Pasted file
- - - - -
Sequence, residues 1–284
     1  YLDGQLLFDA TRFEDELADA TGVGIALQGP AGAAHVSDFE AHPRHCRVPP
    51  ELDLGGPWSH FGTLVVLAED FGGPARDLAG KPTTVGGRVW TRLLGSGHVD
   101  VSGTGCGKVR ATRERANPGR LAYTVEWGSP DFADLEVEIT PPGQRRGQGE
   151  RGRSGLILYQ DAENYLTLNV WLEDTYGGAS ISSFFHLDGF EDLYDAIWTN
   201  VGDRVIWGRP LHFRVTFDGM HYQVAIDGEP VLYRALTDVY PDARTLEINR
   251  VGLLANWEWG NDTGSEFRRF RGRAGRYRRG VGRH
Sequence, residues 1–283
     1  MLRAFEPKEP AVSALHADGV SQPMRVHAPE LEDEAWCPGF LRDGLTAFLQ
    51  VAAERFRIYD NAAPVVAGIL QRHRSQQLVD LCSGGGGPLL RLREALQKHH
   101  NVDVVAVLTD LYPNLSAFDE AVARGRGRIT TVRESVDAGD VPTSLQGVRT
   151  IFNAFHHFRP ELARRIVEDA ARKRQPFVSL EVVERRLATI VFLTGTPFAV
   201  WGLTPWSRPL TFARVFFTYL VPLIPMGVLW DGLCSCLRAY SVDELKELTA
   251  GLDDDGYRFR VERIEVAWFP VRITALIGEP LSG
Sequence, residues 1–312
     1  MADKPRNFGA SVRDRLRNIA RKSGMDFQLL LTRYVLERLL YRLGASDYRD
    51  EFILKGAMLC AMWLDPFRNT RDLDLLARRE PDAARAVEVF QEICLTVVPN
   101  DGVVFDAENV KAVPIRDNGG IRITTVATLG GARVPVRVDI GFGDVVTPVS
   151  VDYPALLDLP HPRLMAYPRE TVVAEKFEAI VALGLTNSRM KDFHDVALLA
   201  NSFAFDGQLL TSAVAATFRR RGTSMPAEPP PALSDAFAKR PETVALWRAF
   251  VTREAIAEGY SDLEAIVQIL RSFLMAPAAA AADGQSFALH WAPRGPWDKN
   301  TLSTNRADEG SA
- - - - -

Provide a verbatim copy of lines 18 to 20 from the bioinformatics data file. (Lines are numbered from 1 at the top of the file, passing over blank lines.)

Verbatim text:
   101  DGVVFDAENV KAVPIRDNGG IRITTVATLG GARVPVRVDI GFGDVVTPVS
   151  VDYPALLDLP HPRLMAYPRE TVVAEKFEAI VALGLTNSRM KDFHDVALLA
   201  NSFAFDGQLL TSAVAATFRR RGTSMPAEPP PALSDAFAKR PETVALWRAF